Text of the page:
Binary search looks for a specific value, which we refer to as a key in a sorted list of values. For example, it could be looking for a specific word in a dictionary, the word in this situation is the key, and the dictionary is the sorted list (it’s in alphabetical order).
Binary search takes in 4 parameters or input values, a lower bound position (which it will not search below), and an upper bound position (which it will not search above), a sorted list of values, and a key to search for.
If it finds the key it outputs the position of the key in the list.
If it does not find the key, it indicates that it didn’t find it.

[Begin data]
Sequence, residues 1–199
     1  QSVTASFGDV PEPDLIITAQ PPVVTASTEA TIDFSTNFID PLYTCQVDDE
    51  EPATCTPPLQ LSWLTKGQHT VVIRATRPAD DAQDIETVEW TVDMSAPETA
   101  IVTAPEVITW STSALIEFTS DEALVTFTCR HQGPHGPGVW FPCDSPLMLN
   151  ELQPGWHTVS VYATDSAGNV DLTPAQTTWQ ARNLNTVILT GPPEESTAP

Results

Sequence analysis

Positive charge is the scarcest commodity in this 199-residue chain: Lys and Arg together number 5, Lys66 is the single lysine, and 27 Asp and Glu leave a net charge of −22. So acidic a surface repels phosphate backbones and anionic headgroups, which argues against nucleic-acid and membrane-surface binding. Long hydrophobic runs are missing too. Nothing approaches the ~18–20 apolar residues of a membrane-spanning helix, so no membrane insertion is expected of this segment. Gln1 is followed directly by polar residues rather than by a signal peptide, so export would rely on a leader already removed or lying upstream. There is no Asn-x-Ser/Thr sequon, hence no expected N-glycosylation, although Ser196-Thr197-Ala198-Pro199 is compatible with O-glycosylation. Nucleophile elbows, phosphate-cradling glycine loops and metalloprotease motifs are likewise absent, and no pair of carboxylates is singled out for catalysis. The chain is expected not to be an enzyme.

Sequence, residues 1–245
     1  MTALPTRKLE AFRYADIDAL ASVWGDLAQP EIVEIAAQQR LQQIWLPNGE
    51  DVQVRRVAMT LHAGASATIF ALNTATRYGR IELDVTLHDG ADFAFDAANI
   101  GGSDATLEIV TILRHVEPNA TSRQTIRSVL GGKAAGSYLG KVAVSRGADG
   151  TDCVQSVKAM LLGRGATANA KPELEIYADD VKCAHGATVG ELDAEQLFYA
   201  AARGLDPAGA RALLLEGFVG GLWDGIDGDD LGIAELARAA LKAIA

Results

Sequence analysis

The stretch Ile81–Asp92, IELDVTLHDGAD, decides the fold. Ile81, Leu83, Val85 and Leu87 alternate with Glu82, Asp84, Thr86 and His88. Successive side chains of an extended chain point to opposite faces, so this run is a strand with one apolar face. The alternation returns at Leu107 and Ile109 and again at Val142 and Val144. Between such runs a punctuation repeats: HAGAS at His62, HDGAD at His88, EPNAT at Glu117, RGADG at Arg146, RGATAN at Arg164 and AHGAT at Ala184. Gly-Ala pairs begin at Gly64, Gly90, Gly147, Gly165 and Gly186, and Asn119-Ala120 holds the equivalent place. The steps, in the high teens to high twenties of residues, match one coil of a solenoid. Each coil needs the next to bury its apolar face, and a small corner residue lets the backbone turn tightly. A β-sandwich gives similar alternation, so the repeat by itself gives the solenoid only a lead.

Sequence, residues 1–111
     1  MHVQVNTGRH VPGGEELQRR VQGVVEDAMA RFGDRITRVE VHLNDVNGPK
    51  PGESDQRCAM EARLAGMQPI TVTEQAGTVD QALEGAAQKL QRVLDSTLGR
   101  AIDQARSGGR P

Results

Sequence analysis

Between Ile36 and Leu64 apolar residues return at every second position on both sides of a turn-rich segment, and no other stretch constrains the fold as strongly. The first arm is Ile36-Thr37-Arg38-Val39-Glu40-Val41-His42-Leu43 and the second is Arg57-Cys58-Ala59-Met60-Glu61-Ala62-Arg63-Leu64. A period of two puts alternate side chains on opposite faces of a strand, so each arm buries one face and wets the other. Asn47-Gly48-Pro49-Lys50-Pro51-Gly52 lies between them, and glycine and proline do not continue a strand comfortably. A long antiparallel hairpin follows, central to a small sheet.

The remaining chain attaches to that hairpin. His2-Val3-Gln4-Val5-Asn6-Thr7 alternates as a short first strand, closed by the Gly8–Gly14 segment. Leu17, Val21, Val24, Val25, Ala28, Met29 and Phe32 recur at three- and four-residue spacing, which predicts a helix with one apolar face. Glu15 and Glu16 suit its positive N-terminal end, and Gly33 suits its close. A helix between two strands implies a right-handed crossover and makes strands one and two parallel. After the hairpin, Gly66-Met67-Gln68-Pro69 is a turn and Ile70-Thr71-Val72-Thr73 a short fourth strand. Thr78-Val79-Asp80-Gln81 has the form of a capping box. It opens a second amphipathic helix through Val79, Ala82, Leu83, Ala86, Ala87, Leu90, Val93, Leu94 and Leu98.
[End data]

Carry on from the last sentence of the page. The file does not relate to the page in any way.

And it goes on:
Learn the basics of big-O notation
Determine why binary search uses O(log2n) or logarithmic time in its worst case
Determine why binary search uses O(1) or constant extra memory in any case, i.e. it works in-place.
Go through some implementation pitfalls and how to avoid them.
Song and Code
Hear the 17-line, 1 minute 45 second binary search song:
The first part covers big-O analysis facts.
The second covers the pseudocode which will help you program binary search in any programming language.
Watch me demonstrate how to use the song lyrics to implement the algorithm in Python, the most straightforward programming language (in my opinion).